Luis Antonio Ramírez

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Luis Antonio Ramírez (10 February 1923 Santurce, Puerto Rico – 15 May 1995 San Juan, Puerto Rico) was a Puerto Rican composer.

Formal education[edit]

From 1954 to 1957, Ramírez studied piano and harmony with Alfredo Romero in San Juan, Puerto Rico, graduating from the Conservatory of Music of Puerto Rico. From 1957 to 1960, Ramírez studied with composition with Cristóbal Halffter and Daniel Bravo and piano with Juan Molinari at the Madrid Royal Conservatory in Spain. The Conservatory conferred a degree to Ramírez in 1964.


From 1950 to 1957 he served as music director of WIPR, the Puerto Rican government’s educational radio station. In 1968 he joined the faculty as professor of harmony and composition at the Conservatory of Music of Puerto Rico.[1][2][3][4]


In 1966 and 1968, the Ateneo Puertorriqueño bestowed upon Ramírez the Fine Arts Award. Ramírez is the recipient of several other awards and commissions from fine arts institutions that include the Instituto de Cultura Puertorriqueña and the Puerto Rico Symphony Orchestra.[5][6]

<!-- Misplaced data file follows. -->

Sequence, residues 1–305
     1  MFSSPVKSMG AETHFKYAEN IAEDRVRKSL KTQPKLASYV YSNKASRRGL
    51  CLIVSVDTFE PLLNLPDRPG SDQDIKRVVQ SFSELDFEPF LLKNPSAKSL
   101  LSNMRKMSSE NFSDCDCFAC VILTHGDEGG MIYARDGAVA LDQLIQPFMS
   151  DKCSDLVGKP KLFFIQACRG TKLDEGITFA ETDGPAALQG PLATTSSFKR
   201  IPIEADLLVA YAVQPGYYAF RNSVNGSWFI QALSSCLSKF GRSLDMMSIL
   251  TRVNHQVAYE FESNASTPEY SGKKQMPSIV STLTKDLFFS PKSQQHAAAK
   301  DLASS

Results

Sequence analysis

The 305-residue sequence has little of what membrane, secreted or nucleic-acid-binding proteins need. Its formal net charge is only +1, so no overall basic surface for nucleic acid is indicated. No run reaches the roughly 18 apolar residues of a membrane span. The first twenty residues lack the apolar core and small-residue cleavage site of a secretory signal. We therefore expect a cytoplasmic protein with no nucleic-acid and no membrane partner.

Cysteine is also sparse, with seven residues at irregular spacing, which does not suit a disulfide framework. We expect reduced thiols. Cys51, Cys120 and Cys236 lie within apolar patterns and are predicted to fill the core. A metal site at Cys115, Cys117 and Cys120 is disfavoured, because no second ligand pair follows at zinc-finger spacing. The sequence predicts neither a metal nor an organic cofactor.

Selected works[edit]

  • Fantasia sobre un mito antillano for trumpet, string orchestra, guitar and timpani (1971)
  • Tres piezas breves (3 Short Pieces) (1972)
  • Fragmentos (1973)
Chamber music
  • Meditación a la memoria de Segundo Ruis Belvis for viola and piano (1973)
  • Diez improvisaciones (10 Improvisations) (1971)


  1. ^ Baker's Biographical Dictionary of Musicians, Macmillan & Schirmer Books, "Ramírez" is in Vol. 5 of 6 Vols. (OCLC nos. listed below)

    6th ed., Slonimsky (rev.) (1978); OCLC 4426869
    7th ed., Slonimsky (rev.) (1984); OCLC 10574930
    8th ed., Slonimsky (rev.) (1992); OCLC 24246972
    9th ed., edited by Laura Diane Kuhn (born 1953) (2001); OCLC 44972043

  2. ^ Baker's Biographical Dictionary of Twentieth-Century Classical Musicians, Slonimsky, Schirmer Books (1997)
  3. ^ International Who's Who in Music and Musicians' Directory; ISSN 0083-9647

    8th ed. (1977); OCLC 3493652
    9th ed., Adrian Gaster (1919–1989) (ed.) (1980); OCLC 7519641

  4. ^ Who's Who in American Music: Classical, R.R. Bowker (1983); OCLC 9484726, ISSN 0737-9137
  5. ^ Biography: Luis Antonio Ramírez, Latin American Music Center, Jacobs School of Music (retrieved 31 January 2014)
  6. ^ Latin American Classical Composers: A Biographical Dictionary, edited by Miguel Ficher (1922–2011), Martha Furman Schleifer, John M. Furman, Scarecrow Press (2002), pg. 457; OCLC 852757371